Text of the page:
Korintje cinnamon is harvested from immature trees that are typically grown on small family owned plantations. The best cinnamon is grown on the slopes of Mount Korintje an active volcano on the island of Sumatra. Traditionally, the families that owned these plantations used the trees as a store of wealth. Many were planted and subsequently harvested to coincide with a family's needs to pay for a wedding or other important occasions.
Indonesia is the largest producer of cinnamon and the slopes of Mount Korintje and many of the other mountains in Western Sumatra are protected by the Indonesian government to support the industry.
Korintje cinnamon is the variety most often sold in groceries in the United States. It is red-brown in color and has a clean, spicy flavor. The quills range from 2-inches in length to more than 12-inches.
Korintje is sold in four grades - A, B, C and D. The grade is determined by the volatile oil content of the product. The higher the volatile oil content the greater the intensity of flavor and aroma. The A grade has a volatile oil content of minimum 3.00 percent. Grades B, C and D have lower volatile oil contents. Grocery stores typically sell B and C grades, while bakeries and other industries use C and even the cheaper D grades. Silver Cloud only offers the finest Korintje type A grade in sticks and as the ground spice.
Vietnamese or Saigon Cinnamon (Cinnamomum, loureiroi)
Indigenous to Vietnam, this species of cinnamon, which is actually more closely related to Cinnamomum, aromaticum or cassia than Cinnamomum, verum; is also known as Saigon, Vietnam, Danang, Annan and Tonkin cinnamon or cassia.
While most connoisseurs of cinnamon prefer the Ceylon cinnamon, my personal preference is the Saigon. Beginning in the early 19th century, there was shift in consumer preference in Europe and the United States from the lighter flavor of the Ceylon to the bolder flavor of the less expensive Saigon. Up until the 1960's when the Vietnam War destroyed the cinnamon industry, this was the principle variety available in the United States and much of Europe. It was the war's disruption that resulted in the cheaper and less flavorful Indonesian cinnamon gaining dominance in the marketplace.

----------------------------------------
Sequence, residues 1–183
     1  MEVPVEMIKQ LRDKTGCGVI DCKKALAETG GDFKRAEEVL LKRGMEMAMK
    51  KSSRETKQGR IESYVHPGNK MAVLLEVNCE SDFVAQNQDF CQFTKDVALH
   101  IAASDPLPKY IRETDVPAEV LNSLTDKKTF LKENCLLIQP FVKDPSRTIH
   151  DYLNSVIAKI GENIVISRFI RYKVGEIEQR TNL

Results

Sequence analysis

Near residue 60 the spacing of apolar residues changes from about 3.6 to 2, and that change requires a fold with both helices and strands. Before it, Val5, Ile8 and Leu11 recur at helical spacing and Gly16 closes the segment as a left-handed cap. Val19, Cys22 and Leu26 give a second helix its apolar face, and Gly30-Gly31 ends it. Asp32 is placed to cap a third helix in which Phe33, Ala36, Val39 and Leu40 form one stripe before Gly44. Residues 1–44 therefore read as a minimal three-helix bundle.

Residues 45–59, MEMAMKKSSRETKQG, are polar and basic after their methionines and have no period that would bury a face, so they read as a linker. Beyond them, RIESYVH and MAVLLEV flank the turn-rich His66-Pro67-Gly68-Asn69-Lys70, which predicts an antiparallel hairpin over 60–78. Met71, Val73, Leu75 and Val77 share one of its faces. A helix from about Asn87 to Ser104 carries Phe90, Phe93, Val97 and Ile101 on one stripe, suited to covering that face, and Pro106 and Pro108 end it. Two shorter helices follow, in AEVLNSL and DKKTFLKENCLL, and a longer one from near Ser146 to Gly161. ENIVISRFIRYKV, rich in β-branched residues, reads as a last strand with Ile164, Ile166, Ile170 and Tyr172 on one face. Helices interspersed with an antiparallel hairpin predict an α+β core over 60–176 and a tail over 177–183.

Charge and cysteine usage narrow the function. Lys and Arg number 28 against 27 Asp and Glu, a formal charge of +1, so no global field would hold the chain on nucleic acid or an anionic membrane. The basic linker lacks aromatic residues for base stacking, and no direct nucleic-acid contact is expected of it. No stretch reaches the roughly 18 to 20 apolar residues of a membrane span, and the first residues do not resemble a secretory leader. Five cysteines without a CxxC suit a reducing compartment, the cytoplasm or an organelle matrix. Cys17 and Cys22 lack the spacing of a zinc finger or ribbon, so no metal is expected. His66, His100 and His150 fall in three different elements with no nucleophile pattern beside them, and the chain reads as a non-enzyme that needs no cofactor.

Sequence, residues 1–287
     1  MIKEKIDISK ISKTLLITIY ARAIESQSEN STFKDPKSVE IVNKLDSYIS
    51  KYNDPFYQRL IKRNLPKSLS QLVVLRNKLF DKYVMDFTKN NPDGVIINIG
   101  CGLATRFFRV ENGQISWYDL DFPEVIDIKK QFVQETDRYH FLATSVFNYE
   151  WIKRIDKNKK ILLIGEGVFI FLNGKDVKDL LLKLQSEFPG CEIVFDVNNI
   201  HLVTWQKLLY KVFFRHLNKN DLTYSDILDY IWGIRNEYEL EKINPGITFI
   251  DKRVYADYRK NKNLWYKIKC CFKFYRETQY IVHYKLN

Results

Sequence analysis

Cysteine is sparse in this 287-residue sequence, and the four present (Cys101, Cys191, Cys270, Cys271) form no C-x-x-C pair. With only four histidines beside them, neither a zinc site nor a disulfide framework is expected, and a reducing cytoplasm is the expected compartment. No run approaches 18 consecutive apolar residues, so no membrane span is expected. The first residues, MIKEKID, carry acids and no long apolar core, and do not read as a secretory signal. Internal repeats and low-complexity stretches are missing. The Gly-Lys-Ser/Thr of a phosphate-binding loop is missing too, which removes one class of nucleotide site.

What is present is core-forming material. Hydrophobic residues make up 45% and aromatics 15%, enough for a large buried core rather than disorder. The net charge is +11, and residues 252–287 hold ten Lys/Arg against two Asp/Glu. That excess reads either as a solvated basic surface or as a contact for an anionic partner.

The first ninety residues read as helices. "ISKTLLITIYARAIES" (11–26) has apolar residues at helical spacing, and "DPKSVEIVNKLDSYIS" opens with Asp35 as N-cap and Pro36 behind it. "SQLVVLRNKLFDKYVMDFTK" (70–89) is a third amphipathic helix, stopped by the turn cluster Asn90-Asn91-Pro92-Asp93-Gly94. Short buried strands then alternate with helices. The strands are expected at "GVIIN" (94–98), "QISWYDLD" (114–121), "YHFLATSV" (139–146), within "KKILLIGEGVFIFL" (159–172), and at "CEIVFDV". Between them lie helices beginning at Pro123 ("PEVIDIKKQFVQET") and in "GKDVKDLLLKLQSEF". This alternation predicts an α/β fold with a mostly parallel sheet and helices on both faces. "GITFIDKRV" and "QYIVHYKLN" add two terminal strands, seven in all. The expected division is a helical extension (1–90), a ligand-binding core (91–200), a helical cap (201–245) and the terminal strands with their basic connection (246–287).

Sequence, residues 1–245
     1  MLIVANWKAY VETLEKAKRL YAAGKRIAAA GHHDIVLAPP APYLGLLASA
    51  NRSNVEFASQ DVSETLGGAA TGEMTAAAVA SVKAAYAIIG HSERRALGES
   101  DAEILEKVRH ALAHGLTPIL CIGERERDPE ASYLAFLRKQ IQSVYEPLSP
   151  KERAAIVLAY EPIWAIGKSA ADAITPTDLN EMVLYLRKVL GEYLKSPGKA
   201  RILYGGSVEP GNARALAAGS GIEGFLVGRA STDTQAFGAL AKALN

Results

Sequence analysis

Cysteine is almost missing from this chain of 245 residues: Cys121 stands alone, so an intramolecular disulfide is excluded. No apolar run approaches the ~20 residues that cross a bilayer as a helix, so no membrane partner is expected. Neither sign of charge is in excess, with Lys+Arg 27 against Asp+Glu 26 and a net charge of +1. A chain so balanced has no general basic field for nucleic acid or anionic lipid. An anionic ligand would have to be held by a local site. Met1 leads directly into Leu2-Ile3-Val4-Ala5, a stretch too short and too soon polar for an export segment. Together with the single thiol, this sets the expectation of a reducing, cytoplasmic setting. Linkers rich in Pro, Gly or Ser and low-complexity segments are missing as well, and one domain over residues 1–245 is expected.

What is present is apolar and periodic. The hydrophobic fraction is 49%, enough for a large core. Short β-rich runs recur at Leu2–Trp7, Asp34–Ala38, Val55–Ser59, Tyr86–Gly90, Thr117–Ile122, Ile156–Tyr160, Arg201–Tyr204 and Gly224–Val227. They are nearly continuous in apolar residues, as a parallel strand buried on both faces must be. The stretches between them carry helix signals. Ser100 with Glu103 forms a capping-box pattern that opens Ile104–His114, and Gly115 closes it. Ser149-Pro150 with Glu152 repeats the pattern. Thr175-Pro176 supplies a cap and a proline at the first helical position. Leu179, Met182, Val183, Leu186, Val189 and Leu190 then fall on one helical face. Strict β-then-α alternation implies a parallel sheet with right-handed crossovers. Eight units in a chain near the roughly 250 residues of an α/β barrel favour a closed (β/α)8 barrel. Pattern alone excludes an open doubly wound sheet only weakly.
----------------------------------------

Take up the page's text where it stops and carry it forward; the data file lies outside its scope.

Vietnamese cinnamon is grown on small farms. The best bark is harvested from trees that are 20 - 25 years old. This limits the production of the best cinnamon to just a thousand tons or less a year. At harvest, the farmers cut the trees down and remove the bark in two to three foot sections with a knife. The bark from the base of the trunk is generally the thickest and has the highest volatile oil content. Saigon cinnamon has a volatile oil content at least twice that of the best Korintje, type A. The cinnamon bark is then dried in the sun for a few days. As the bark dries, it curls and forms quills.
Saigon cinnamon is ideal for applications that require a more intense flavor. I typically use it for cooking and sauces and use the Korintje for baking.
Chinese Cassia or Cinnamon (Cinnamomum, aromanticum or Cinnamomum, cassia)
Chinese cassia is indigenous to Southern China and is also known as Chinese junk, Kwantung, Kwangsi, Yunnan or Honan cassia or cinnamon. Rich in cinnamic aldehyde, Chinese cassia has an intensely sweet flavor and a distinct bite. Much of the cassia harvested each year is steam distilled to produce the essential oil - cassia, which is an important ingredient in cola beverages, confections and processed meats.
Often the cinnamon sold in the United States and Canada is actually Chinese cassia. In some cases, it is labeled "Chinese cinnamon" to distinguish it from the more expensive true cinnamon (Cinnamomum, verum) or the Korintje cinnamon (Cinnamomum,burmanii). In many countries, Chinese cassia cannot be labeled as cinnamon, but must be labeled cassia.
Small trees are cut down or entire branches removed from larger trees to harvest the cassia bark. It is often sold in coarse chips though quills are produced too. Cassia quills are relatively easy to distinguish, since they are very hard and typically just one piece of bark.
Chinese cassia is ideal for cooking especially when used in recipes that have chilies and black pepper.